No alternative in vitro method exists for detecting the potential long-term genotoxic effects of molecules at subcytotoxic concentrations, in terms of days and weeks after exposure(s) to the molecule tested. A theoretical model of cellular senescence led to the concept that subcytotoxic stresses under any molecules at subcytotoxic doses, such as molecules under development in the pharmaceutical, cosmetics and food industry, might lead human fibroblasts into a state closely related to in vitro senescence. This concept was then experimentally confirmed in vitro: many biomarkers of replicative senescence of human fibroblasts were found 72 h after their exposure to various kinds of stressors used at non-cytotoxic concentrations. This phenomenon has been termed stress-induced premature senescence (SIPS). Moreover, proteomics studies have revealed that, besides their effects on the appearance of the biomarkers of senescence, sublethal stresses under a variety of stressors also lead to long-term specific changes in the expression level of proteins which are stress-specific. These changes have been coined the molecular scars of stress. The proteins corresponding to these molecular scars may be identified using the latest developments in mass spectrometry. This model of stress-induced premature senescence may be applied to the toxicological sciences when testing for the potential irreversible long-term effects of molecules on the cell fate.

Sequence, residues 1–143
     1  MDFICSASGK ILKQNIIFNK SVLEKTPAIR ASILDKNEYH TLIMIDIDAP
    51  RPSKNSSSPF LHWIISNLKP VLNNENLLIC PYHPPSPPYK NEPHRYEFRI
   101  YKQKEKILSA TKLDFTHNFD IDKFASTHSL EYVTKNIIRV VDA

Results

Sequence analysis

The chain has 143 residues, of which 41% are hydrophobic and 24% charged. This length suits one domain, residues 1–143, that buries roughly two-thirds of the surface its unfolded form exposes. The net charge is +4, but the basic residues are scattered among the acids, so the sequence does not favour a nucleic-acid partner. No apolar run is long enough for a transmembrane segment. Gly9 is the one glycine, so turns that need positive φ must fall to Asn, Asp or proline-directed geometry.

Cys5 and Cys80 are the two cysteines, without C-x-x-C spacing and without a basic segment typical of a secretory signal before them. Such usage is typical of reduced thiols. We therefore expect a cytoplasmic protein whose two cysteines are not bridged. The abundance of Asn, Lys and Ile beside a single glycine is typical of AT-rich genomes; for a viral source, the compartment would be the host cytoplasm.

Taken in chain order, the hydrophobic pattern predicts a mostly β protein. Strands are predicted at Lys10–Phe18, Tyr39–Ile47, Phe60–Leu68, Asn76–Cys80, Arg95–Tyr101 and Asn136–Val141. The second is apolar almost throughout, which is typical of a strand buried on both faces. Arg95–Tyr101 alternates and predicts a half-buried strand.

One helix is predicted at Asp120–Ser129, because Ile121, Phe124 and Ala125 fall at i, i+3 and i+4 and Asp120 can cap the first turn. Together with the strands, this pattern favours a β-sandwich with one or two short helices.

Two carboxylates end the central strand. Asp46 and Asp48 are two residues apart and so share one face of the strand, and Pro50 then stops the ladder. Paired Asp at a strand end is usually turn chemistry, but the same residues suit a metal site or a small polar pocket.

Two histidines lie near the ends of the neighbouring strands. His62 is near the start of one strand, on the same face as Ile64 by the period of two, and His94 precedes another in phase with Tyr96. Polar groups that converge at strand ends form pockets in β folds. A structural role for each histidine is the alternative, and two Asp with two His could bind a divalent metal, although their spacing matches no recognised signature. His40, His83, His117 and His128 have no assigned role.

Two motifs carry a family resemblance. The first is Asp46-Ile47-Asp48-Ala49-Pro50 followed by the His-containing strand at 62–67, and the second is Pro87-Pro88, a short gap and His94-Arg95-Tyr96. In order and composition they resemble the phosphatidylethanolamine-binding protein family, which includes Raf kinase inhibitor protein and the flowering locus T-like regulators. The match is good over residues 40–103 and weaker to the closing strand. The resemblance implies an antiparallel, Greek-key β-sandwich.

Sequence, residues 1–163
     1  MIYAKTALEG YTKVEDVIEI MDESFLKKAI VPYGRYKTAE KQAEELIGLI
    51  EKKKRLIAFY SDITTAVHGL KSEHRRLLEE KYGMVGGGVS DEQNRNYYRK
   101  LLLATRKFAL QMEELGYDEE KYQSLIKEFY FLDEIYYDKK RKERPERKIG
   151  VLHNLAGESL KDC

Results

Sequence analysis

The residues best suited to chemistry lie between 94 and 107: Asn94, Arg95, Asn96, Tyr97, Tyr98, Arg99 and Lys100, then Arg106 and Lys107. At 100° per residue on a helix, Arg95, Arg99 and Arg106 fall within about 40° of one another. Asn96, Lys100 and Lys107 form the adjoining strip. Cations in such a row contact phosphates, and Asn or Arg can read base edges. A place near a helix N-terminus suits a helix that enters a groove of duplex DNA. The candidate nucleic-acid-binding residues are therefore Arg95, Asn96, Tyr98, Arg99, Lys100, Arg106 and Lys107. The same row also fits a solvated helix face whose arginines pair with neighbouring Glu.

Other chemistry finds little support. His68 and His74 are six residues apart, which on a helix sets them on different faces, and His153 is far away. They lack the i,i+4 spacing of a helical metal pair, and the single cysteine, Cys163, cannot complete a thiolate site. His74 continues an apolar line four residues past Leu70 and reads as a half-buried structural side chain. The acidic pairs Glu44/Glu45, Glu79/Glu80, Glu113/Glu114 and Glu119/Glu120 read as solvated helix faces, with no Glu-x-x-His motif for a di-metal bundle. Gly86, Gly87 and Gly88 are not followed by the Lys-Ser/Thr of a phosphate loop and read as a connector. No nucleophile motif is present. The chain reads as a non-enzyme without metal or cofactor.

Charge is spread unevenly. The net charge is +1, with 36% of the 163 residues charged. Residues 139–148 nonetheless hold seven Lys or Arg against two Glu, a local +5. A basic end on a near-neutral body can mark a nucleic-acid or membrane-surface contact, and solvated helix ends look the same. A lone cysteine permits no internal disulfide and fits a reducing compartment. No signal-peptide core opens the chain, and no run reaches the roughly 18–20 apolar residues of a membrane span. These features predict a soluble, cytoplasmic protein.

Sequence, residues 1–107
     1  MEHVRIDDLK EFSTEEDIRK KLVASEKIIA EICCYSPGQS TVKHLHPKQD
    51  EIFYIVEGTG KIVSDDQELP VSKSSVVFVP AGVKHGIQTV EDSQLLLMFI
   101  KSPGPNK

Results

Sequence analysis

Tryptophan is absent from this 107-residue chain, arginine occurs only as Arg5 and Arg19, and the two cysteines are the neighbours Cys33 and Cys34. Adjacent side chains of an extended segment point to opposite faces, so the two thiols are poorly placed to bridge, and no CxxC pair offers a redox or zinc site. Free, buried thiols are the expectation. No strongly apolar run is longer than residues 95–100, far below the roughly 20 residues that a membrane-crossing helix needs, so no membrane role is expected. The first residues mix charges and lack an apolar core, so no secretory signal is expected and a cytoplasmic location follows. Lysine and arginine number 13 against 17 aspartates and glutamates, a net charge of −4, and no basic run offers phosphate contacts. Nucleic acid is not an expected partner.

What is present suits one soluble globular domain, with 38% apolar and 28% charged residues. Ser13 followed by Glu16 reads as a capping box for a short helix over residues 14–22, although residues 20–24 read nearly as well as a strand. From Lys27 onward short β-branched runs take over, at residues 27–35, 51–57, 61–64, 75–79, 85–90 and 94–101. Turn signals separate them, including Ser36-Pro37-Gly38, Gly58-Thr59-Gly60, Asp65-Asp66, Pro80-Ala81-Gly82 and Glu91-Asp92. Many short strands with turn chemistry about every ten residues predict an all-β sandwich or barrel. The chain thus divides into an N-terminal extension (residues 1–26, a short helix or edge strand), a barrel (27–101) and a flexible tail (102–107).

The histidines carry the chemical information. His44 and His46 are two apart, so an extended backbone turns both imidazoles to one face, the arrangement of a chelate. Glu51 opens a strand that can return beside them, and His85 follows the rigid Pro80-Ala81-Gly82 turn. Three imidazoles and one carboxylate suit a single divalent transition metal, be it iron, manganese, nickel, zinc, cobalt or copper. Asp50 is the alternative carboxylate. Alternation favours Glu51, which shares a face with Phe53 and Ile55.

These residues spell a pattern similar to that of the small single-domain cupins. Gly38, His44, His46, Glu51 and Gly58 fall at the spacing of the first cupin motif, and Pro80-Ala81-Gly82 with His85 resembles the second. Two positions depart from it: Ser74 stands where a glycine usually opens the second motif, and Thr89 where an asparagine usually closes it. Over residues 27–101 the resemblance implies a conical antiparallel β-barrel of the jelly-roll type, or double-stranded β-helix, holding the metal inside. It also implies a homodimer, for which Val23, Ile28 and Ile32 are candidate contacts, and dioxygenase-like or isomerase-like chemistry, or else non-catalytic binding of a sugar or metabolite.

|Pages (de - à)||179-183|
|Nombre de pages||5|
|Numéro de publication||2|
|Etat de la publication||Publié - 1 déc. 2000|